The University of Chicago Press has awarded the 2022 Gordon J. Laing Award to political scientist Lisa Wedeen for Authoritarian Apprehensions: Ideology, Judgment, and Mourning in Syria, which examines the country’s 2011 uprising and ensuing conflict.
Given annually as the Press’ top honor, the Laing Award is presented to a UChicago faculty author, editor or translator of a book published in the previous three years that has brought the greatest distinction to the Press.
In Authoritarian Apprehensions, Wedeen draws on decades of scholarship and research on Syria to offer an erudite and compassionate analysis of the uprising of 2011—the revolutionary exhilaration of the initial days of unrest, and then the devastating violence that shattered hopes of any quick undoing of dictatorship.
“It is deeply gratifying—thrilling, really—to receive the 2022 Laing Award, because I love the Press and so value the views of my peers,” said Wedeen, the Mary R. Morton Professor of Political Science. “Academic writing can be a lonely venture but it is also collaborative, and I am appreciative in particular of my Syrian friends, colleagues and interlocutors, without whom this book would not exist.”
In its review, the Times Literary Supplement praised Authoritarian Apprehensions as “a lucid and thought-provoking study” that “forces us to ponder the possibilities for political judgement in a world where facts no longer hold sway.” The reviewer noted how Wedeen helped to answer perplexing questions, including why so many ordinary Syrians have accepted the regime of Bashar al-Assad.
Wedeen is also the author of Ambiguities of Domination and Peripheral Visions, both published by the UChicago Press. In addition, she is co-director of the Chicago Center for Contemporary Theory at UChicago, and an associate faculty member in the Department of Anthropology.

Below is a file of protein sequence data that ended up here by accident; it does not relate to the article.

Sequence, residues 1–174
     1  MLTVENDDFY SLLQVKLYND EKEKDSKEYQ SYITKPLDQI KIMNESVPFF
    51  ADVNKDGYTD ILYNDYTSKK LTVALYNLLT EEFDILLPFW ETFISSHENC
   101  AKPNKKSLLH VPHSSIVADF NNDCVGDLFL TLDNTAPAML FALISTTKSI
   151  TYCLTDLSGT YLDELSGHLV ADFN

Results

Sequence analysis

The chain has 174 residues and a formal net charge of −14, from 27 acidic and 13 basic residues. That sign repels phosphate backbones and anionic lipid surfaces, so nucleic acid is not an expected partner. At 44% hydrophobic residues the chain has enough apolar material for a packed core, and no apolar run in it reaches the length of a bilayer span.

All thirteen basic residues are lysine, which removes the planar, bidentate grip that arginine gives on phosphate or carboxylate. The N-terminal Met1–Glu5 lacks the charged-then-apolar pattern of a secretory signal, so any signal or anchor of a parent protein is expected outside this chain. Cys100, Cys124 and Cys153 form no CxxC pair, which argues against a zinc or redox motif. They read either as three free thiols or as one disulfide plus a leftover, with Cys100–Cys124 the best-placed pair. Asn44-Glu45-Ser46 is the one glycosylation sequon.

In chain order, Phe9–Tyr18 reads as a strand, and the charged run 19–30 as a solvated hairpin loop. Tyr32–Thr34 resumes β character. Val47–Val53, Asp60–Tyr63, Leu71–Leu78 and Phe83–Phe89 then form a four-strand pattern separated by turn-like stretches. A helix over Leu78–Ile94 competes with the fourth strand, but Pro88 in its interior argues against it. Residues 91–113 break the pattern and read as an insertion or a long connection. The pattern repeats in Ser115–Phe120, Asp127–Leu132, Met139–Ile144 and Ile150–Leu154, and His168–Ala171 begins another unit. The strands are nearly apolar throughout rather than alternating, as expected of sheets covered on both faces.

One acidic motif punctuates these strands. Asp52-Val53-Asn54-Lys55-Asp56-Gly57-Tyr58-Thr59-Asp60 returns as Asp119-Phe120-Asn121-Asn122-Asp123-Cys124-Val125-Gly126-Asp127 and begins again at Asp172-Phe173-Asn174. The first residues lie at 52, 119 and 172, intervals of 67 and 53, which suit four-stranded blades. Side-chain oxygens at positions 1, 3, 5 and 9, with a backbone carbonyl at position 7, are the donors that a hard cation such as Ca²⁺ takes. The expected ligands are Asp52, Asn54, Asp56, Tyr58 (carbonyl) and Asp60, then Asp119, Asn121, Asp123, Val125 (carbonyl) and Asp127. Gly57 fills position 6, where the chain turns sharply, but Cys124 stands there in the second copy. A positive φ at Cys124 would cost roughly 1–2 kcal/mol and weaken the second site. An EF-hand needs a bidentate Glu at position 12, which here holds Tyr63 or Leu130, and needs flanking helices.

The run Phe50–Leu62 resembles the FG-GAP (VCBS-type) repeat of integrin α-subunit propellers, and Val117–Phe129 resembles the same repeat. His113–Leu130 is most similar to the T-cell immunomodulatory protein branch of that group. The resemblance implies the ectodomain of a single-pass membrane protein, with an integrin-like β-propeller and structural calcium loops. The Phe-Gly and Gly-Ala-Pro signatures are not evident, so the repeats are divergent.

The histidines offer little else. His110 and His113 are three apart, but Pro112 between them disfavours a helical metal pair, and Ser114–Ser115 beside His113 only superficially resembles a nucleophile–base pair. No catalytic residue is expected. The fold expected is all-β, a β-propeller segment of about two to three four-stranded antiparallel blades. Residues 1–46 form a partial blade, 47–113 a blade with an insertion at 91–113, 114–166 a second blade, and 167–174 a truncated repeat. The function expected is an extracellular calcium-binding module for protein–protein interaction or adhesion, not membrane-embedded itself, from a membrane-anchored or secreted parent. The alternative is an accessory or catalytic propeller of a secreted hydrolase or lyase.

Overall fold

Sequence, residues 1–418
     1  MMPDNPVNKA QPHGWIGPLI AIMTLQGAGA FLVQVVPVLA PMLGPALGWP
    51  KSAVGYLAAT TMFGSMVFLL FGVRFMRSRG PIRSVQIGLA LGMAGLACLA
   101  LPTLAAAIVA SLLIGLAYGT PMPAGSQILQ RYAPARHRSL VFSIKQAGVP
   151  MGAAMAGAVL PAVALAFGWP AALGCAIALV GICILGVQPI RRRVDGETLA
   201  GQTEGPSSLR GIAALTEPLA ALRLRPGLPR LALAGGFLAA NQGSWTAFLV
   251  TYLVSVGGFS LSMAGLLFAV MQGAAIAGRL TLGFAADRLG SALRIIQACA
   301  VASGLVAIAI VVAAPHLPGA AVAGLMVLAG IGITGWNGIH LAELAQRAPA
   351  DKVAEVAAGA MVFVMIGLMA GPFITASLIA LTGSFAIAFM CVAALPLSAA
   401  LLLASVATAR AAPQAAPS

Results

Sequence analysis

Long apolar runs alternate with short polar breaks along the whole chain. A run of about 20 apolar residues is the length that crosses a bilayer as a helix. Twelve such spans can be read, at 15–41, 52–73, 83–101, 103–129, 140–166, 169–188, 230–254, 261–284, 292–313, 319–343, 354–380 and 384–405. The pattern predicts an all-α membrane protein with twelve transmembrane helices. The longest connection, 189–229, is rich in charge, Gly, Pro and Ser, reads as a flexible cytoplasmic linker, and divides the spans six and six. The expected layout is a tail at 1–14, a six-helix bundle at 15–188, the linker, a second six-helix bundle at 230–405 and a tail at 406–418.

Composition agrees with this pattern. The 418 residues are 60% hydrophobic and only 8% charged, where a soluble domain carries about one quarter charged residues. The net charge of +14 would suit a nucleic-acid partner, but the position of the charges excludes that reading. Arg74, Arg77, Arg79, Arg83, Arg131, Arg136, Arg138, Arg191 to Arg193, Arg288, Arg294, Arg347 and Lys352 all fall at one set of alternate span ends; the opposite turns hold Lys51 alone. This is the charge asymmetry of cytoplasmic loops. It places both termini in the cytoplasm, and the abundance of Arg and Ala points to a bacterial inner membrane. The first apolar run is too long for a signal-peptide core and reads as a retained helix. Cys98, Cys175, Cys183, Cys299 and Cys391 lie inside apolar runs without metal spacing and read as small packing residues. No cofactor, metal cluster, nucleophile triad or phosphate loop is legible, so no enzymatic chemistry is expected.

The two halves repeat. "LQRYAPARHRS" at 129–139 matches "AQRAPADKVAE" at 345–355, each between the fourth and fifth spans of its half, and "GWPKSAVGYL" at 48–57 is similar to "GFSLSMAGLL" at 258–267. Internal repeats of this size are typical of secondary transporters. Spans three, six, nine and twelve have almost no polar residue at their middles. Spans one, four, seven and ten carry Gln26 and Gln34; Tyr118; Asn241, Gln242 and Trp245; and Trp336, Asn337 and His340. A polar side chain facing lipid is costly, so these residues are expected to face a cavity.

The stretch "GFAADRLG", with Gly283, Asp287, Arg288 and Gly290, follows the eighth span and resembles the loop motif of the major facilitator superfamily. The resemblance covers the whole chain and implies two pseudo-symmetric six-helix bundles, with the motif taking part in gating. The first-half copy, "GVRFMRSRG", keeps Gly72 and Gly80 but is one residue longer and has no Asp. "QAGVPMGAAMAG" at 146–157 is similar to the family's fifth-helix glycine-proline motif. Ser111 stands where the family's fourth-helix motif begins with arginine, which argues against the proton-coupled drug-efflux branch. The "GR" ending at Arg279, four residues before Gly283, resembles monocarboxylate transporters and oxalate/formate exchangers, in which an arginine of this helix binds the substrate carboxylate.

The Gordon J. Laing Award is named in honor of the scholar who, serving as general editor from 1909 until 1940, firmly established the character and reputation of the University of Chicago Press as the premier academic publisher in the United States. The prize is conferred by vote of the Board of University Publications, a committee of faculty members who oversee the Press’ imprint.
President Paul Alivisatos presented the award to Wedeen during a May 17 gala reception at the University of Chicago’s David Rubenstein Forum.
“The University of Chicago Press has been an important channel of engagement for our scholars since it first was conceived by William Rainey Harper at the time of our founding,” Alivisato said. “The Gordon J. Laing Award is a wonderful opportunity to celebrate the work of our faculty and the special relationship they have shared with UChicago Press for more than 130 years. I am pleased to offer Lisa Wedeen my sincere congratulations for this well-deserved award.”
Added Garrett Kiely, director of the Press: “We are very proud to have published Lisa Wedeen’s work, which offers an insightful, research-driven engagement with authoritarianism and some of the most troubling concerns of our political present and future. Lisa is a great friend of the Press and we are excited to see her receive this honor.”
Prof. Christine Mehring, chair of the Board of University Publications, lauded Wedeen’s cross-disciplinary scholarship, expanding beyond political science to fields such as ethnography, media and film studies, social theory and artistic practice.
“Beyond providing an urgently needed contemporary account of an urgent contemporary crisis, Lisa mobilized her longstanding expertise on the Middle East and Syria to help us understand the ideological make up and media operations that have sustained a civil war and authoritarian regime, and challenged the very possibility for political change,” Mehring said.
Wedeen joins a distinguished list of previous recipients that includes Eve L. Ewing, Michael Rossi, Adrian Johns, Deborah Nelson, Alison Winter, Robert Richards, Martha Feldman, Bernard E. Harcourt, Philip Gossett and W. J. T. Mitchell.
—Adapted from a press release from the University of Chicago Press.